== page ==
It speaks for itself. And when it doesn’t, Frank Sinatra, Jay-Z, F. Scott Fitzgerald, and hundreds of other writers, poets, photographers and movement leaders do. I tell people I come from New York and their eyes light up instantly with that spark of recognition, that distant dream, a tightly-clutched memory or a hint of envy. It’s one of the greatest, if not the greatest place the world. And I, by sheer luck, get to call it home.
The funny thing is, I didn’t get it. There are a lot of days when I still don’t get it. Home is home. I saw Broadway shows, I went to the MoMA on school trips, picked apples on upstate orchards, spent summer days digging trenches in the sands of south shore beaches and it was all just normal. Everyone always asks me if I spend a lot of time in Manhattan – if I take advantage of all the opportunities that seductively sparkle just 20 minutes from my bedroom window. The simple answer has been no, I don’t. It’s 13 degrees outside, the city is expensive, the railroad is a hassle.
Home is just home. For most of high school I thought I was too big for it. I needed to get out, stretch my ambitions, chase my dreams. I needed to access the inaccessible and peek behind new walls. New York City was just too close to explore.
So I left. It’s made me better and has helped me grow into myself but above all of that, it’s shown me that New York, and Home, are incredible, and I was simply being a big ol’ brat. There you go. I admit it.
I’ve come to love the accents that I used to abhor. The familiarity of the ‘aw’ in cAWfee and the playfully aggressive “yo you mad?!’s” and “nah chill’s” that slip out of the corners of my friends’ mouths. The hate-to-admit-it-guido outfits and everyone’s confrontational nature. The fact that I can’t rest at a stop sign without being honked at. It’s all still there, but now I understand that it’s part of what gives New York its energy. Walk through the streets of New York and ambition and drive seep into your bones. Great people have walked those streets. Millions of people from all walks of life from countries around the world share that city and although each looks out for his or herself, New York is a community and it’s people are proud to be a part of it, all together and in unison. New York is freezing or it’s boiling, it’s crowded with pockets of peace, it’s both light and dark but it’s stunning and it triumphantly perseveres.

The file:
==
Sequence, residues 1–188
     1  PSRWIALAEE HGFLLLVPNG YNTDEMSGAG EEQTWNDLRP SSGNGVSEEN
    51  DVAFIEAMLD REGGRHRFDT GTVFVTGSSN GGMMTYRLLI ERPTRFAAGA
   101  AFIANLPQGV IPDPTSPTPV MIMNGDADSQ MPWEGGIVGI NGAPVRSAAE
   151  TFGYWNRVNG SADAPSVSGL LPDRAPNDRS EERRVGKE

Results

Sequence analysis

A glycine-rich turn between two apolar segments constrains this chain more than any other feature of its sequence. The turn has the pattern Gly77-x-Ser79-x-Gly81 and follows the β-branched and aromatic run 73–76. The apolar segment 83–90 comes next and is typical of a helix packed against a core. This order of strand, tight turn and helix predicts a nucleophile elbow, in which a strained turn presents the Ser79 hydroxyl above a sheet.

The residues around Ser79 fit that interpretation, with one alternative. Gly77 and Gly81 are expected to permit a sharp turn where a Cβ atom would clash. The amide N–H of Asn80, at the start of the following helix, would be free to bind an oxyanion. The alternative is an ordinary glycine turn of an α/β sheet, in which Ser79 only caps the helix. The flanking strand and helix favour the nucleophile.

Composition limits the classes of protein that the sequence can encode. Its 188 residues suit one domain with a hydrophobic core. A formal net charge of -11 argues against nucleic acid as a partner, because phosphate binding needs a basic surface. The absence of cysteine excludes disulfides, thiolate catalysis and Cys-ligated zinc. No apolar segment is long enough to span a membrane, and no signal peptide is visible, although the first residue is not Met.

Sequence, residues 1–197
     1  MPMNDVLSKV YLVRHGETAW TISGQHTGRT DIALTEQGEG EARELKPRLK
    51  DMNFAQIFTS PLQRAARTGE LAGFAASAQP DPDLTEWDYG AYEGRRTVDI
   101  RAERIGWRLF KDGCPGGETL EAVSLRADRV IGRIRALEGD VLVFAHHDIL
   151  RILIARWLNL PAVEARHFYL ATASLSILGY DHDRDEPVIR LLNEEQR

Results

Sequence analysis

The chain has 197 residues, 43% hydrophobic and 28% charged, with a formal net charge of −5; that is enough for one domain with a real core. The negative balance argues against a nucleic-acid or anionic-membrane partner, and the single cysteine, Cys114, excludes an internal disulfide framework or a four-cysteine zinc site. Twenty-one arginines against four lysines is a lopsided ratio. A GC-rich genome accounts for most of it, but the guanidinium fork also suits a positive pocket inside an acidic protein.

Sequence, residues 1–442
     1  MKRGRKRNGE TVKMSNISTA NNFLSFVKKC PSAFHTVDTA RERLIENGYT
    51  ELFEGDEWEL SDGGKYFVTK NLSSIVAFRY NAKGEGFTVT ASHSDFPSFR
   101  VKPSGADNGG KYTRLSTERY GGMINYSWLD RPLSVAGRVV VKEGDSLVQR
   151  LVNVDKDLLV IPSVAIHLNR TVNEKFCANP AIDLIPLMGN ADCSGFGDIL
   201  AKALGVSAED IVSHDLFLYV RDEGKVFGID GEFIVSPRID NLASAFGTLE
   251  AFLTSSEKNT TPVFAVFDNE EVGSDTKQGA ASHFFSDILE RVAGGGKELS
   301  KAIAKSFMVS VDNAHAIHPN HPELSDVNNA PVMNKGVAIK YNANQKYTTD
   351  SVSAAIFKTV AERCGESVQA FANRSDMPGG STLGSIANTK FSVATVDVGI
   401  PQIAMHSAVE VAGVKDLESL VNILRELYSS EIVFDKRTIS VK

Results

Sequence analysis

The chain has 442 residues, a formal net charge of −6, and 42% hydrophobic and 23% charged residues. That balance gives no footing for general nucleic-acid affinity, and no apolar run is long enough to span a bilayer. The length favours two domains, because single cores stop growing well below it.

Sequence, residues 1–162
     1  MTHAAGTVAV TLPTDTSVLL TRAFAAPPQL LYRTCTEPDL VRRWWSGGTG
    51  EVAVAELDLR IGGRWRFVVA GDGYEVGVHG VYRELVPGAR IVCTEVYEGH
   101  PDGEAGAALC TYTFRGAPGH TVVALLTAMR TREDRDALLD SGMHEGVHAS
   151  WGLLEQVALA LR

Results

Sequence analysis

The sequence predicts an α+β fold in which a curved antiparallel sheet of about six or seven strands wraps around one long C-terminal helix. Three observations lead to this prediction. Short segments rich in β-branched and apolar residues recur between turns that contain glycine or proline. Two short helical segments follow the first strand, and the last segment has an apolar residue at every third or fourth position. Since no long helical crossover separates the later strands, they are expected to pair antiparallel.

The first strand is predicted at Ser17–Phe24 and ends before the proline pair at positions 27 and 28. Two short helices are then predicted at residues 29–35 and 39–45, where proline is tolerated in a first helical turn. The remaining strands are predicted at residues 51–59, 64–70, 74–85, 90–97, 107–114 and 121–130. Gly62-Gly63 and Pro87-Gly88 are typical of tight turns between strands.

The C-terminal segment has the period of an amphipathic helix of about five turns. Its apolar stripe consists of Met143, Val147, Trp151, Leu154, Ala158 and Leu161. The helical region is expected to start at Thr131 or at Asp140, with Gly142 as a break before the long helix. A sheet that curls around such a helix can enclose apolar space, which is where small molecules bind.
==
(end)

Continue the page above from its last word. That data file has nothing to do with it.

Over break, I caught myself rushing to the 6 train in SoHo, looking out over the skyline as the sun was setting. I momentarily forgot that I was in New York, the same city that lives just outside my backyard. I thought to myself “my god, that is gorgeous.” It was the first time I had thought that in a while, even though I was spending many of my days in Manhattan, and I realized that I was looking at that view through a stranger’s eyes, a traveler’s eyes. I was feeling that same sense of wonder that I get when I happen upon a foreign city for the first time, never knowing how much time I’ll have to absorb its vibrations.
Bill Bryson said, “To my mind, the greatest reward and luxury of travel is to be able to experience everyday things as if for the first time, to be in a position in which almost nothing is so familiar it is taken for granted.” Leaving has given me the space and capacity with which I can appreciate all that is so close, that which I know I have taken for granted. This won’t stop me from leaving time and time again I am sure, but now I know with full conviction that New York will forever be home, and a home I am so lucky to return to.